Commodities had a volatile week with some of the price action driven by the two-sided U.S. Dollar and some by market related fundamentals. Overall, hawkish testimony from Fed Chair Jerome Powell and negatively-viewed comments from U.S. President Trump seemed to be the main catalysts driving a few of the markets in two directions.
Gold prices were driven lower last week by the threat of rising interest rates amid hawkish testimony by Fed Chair Jerome Powell before two U.S. Congressional Committees. Prices were supported somewhat after President Trump criticized the Fed's monetary policy.
Powell's testimony supported the U.S. Dollar which pressured dollar-denominated gold. Trump's comments weakened the dollar which encouraged gold short-sellers to book profits and lighten up their positions. The potentially offsetting comments fueled a two-sided trade in gold prices .
During his testimony, Powell reiterated the Fed's current message, offering a positive assessment of the economy and indicating that the economy was strong enough to handle gradual rate increases.
Trump criticized the Fed twice, first saying on Thursday, "I am not happy about it. But at the same time I'm letting them (the Fed) do what they feel is best," the president said. Trump followed-up this comment on Friday by tweeting, "The United States should not be penalized because we are doing so well. Tightening now hurts all that we have done. The U.S. should be allowed to recapture what was lost due to illegal currency manipulation and BAD Trade Deals. Debt coming due & we are raising rates - Really?"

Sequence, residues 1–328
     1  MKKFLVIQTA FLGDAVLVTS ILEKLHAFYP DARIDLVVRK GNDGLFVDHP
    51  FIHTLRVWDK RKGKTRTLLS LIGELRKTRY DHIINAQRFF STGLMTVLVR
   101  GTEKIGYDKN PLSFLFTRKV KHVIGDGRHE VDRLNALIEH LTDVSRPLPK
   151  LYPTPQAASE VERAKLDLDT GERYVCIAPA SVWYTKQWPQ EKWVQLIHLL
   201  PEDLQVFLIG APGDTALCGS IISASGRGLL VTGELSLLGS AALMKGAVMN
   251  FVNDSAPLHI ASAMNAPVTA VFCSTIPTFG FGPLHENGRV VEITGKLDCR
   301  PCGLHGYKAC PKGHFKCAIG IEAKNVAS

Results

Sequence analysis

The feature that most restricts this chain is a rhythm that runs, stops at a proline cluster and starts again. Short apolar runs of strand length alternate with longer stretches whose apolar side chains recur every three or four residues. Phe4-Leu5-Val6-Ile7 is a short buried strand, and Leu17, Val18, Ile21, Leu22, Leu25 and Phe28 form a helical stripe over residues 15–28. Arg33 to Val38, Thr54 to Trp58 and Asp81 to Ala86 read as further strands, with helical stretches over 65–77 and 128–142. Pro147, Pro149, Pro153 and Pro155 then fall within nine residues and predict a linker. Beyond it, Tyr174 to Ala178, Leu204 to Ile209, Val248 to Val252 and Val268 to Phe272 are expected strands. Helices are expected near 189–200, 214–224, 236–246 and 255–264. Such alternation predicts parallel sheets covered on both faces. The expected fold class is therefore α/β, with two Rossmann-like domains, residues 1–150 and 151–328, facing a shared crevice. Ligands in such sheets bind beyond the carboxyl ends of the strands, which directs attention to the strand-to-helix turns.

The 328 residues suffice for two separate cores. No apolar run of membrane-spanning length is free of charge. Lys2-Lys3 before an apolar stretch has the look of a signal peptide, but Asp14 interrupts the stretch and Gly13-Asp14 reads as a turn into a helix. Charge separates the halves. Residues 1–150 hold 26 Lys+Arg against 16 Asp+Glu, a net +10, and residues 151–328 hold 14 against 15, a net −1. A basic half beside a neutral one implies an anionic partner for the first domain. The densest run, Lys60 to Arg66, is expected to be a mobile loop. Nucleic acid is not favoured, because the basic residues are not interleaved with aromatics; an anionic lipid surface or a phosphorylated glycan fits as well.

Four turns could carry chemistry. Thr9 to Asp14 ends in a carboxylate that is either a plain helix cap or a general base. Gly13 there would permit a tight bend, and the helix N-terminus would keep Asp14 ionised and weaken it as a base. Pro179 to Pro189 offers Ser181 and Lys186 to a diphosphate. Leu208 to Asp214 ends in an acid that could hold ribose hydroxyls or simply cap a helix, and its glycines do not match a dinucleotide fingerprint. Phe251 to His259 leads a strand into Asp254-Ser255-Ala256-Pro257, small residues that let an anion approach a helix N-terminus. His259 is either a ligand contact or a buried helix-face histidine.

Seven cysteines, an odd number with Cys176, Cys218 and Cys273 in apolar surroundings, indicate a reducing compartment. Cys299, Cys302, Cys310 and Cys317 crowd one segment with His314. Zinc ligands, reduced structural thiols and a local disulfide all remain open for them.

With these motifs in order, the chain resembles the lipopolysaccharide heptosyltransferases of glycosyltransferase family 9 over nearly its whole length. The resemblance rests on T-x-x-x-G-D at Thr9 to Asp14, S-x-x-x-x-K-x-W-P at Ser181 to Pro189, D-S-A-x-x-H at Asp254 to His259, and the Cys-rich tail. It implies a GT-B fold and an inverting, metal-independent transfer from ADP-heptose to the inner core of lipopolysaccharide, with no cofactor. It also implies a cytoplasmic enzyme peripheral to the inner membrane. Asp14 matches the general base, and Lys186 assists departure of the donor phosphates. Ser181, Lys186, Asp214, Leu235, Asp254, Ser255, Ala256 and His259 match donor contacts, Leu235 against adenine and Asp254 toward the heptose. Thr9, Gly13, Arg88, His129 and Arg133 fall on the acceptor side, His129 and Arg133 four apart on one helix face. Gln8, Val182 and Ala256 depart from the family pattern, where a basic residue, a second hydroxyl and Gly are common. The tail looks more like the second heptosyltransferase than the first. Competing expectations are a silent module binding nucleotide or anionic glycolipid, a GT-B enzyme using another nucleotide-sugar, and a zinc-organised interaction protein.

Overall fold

Trump also said he was prepared to place a tariff on everything that China exports to the United States.
Both U.S. West Texas Intermediate and international-bench mark Brent crude oil finished lower last week. However, the price action was two-sided. Early in the week, prices plunged after Libya began supplying the market again after weeks of disruption. Prices were also pressured by speculation that the U.S. would open its strategic reserve and flood the market with supply.
WTI and Brent crude oil rebounded late in the week to recover some of its earlier losses after the U.S. Energy Department reported a bigger-than-expected draw in gasoline inventories. Prices were further supported by news that Saudi Arabia would cut back on exports.
Sellers drove natural gas prices to their lowest level since December 27, 2017 on concerns over strong production and a return to average temperatures in several key demand areas. However, futures prices were able to recover enough to close slightly higher for the week after the U.S. Energy Information Administration reported a smaller-than-expected storage injection during the week-ending July 13, 2018.
During the upcoming week, investors should watch to see if a few of the counter-trend rallies continue especially in the dollar-denominated markets like gold and crude oil.
This article was originally posted on FX Empire
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